By no means do I consider myself an expert on street photography – but as many of you have realised by now, this is what I mainly shoot. I shoot daily, at least on my way to work and back again, so its become second nature to have my camera at the ready, and with the new and super responsive X-Pro 2 I am getting more and more shots that are ‘keepers’.
I’m not saying the previous generations aren’t suitable for street – they most definitely are – I am saying the advances, especially in AF, made in the later models have made shooting that little more ‘sure’ and flexible.
One of the keys to good street photography is, amongst many things, being able to predict the shot. Like a good motor cyclist, one needs to be able to see ‘what happens next’ before it actually happens. And by this, I mean looking ahead 20-30 feet at your next potential capture – having time to prepare, most importantly – and making good on this prep by getting the shot.
Case in point:
As alluded to in previous posts, I have no issues taking images of the homeless. I don’t shoot them because they’re an easy target (they most certainly are not anyway) I shoot because this is a growing issue in London, an important one to discuss, and I wont pretend it doesn’t exist just because a few dissenters find it uncomfortable to see. Fuck that. A camera records the truth. Its what it was made for – moments of truth. Amen. If you don’t like it, ask McCullin, and walk away…
I spotted the legs of this ‘moment of truth’ as I was taking my daily walk up Regent Street. He’s a regular that beds for the night outside ‘Superdry’ (ironically, I tagged the brand on this shot for Instagram, and they ‘liked’ it…odd.) and at the same time every morning he’s on his first fag of the day, and polishing off a quart of milk. I’ve tried talking to him before, and he’s not receptive to chit-chat, but he’s an interesting character all the same and I wanted to record the first moments of his day.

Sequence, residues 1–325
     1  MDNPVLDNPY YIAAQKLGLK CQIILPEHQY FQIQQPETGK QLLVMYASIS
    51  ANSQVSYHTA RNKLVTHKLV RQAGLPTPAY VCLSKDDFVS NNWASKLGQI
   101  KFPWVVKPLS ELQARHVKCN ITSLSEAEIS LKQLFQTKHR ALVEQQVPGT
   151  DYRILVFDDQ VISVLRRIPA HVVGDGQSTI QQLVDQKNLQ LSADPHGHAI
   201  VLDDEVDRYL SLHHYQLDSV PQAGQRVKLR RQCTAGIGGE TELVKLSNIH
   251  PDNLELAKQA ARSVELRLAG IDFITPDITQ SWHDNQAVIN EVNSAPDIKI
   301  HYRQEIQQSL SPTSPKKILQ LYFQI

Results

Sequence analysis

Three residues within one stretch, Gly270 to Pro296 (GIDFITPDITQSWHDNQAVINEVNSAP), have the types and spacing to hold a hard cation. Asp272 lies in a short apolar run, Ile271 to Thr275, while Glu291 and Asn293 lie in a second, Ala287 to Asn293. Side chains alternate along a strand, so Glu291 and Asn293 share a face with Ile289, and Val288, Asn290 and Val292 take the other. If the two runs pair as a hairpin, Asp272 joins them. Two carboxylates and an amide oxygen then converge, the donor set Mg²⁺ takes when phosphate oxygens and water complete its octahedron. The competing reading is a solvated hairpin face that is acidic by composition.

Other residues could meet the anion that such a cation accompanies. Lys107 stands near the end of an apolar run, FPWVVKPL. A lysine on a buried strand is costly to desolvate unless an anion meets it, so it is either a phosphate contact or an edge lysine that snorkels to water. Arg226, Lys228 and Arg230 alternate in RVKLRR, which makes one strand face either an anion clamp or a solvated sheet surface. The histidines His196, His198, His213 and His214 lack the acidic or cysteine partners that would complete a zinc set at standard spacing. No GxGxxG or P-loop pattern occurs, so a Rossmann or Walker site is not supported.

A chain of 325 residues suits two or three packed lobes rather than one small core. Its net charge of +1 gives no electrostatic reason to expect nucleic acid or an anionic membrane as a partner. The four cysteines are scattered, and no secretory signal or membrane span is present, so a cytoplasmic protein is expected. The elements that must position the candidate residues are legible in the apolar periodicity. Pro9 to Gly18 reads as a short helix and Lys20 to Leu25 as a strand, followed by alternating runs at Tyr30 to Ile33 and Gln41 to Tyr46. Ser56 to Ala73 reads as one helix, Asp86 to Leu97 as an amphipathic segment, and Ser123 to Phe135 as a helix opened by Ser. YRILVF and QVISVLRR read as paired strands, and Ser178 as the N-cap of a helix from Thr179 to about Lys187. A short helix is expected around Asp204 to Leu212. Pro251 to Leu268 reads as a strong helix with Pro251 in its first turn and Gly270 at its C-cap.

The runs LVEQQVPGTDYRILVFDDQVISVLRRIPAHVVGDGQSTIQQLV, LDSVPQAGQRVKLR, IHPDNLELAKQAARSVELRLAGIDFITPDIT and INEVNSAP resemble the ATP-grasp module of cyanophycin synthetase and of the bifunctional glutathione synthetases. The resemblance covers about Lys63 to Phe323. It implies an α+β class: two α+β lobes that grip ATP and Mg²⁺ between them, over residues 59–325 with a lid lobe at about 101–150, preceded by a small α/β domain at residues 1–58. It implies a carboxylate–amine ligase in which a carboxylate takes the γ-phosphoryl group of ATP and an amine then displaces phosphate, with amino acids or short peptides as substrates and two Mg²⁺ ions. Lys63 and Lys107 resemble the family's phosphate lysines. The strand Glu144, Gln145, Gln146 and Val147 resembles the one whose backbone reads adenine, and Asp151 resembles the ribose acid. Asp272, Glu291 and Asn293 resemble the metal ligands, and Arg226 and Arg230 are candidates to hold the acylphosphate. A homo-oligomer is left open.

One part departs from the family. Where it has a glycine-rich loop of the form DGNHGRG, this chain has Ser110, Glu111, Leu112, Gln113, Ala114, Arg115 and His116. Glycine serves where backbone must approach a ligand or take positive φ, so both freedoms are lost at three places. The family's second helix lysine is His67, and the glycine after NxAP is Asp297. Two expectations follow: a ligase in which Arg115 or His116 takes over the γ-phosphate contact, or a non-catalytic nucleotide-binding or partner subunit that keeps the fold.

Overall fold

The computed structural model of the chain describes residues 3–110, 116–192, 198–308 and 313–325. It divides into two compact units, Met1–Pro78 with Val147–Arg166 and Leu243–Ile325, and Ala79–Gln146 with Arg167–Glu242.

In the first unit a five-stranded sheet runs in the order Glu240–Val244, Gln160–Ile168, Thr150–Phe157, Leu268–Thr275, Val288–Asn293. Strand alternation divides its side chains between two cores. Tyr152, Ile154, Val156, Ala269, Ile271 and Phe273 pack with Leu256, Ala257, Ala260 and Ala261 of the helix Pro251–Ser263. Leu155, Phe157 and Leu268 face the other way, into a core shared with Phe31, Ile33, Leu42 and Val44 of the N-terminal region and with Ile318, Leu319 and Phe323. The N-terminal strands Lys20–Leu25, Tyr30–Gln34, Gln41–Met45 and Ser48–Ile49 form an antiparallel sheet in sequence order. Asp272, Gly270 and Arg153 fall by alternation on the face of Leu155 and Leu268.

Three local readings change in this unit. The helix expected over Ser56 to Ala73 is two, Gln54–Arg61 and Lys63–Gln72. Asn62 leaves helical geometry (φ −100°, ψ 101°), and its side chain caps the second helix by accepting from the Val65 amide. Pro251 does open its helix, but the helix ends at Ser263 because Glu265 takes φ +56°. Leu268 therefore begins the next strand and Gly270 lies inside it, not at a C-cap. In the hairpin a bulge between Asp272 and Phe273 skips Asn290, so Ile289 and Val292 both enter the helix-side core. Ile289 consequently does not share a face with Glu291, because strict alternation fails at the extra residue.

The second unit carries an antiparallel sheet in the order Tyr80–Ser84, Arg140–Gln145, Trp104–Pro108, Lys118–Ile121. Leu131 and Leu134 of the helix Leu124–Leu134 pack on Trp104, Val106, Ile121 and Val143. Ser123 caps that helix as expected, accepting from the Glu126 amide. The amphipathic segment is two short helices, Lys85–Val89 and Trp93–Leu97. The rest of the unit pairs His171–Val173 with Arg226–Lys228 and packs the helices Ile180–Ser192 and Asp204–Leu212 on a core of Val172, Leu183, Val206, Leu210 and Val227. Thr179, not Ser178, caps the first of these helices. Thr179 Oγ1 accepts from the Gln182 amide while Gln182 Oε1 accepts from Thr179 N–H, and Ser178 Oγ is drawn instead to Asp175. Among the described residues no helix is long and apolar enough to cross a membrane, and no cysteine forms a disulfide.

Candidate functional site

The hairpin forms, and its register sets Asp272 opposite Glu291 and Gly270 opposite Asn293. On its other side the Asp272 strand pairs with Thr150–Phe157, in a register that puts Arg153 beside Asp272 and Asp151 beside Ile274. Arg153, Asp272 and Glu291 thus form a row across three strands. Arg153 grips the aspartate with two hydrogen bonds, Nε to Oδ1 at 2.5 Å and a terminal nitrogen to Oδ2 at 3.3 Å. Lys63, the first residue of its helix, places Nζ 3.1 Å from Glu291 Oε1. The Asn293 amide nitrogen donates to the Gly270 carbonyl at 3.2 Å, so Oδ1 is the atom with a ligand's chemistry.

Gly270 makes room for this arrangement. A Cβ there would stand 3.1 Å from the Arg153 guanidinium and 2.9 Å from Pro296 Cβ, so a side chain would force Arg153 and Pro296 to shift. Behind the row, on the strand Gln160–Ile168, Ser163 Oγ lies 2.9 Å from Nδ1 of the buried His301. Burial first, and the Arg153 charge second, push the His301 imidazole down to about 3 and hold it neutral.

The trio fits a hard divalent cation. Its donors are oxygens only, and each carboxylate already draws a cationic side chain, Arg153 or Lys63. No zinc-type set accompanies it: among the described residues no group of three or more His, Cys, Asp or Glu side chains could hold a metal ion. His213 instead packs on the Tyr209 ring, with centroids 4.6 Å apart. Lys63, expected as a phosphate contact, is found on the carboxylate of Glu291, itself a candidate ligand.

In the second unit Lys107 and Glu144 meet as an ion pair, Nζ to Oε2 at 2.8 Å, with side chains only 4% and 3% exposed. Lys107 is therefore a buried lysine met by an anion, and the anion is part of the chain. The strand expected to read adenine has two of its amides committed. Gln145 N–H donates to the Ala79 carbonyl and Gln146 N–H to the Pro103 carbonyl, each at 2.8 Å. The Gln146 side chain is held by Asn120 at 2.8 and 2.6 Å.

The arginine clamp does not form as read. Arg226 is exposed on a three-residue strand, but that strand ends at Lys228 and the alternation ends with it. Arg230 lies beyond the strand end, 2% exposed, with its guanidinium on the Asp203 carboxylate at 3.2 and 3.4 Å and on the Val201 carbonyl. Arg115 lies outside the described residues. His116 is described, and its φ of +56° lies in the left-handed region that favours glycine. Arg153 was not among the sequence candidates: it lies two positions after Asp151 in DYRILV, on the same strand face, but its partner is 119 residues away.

So, from 30 or so feet down the street, when I first spotted he was awake, I lowered my camera to just above the waist (in vertical position), ensuring it was as level as possible (this is incredibly hard actually, and I’m still no good at it after all this time and still use the rotate tool in L/R) and nonchalantly walked past, clicking as I reached the shop doorway. You can see my reflection – I didn’t even turn my head, as that would’ve gotten a reaction that wasn’t natural, and would likely have pissed him off, understandably.
Its not 100% sharp, I know that. But its a capture I really like – and highlights how lucky I am, how blessed WE are and how empathy, kindness and a little generosity can make a difference to someones day. Believe it or not, this is a mutual exchange. Yes, I got my shot on this occasion, but on others he gets a cuppa, or a few quid or sometimes just a ‘Good Morning’.
Pretend he’s not there? Not me, pal.
(please visit my Instagram: ‘capitalfaces’ – Cheers!)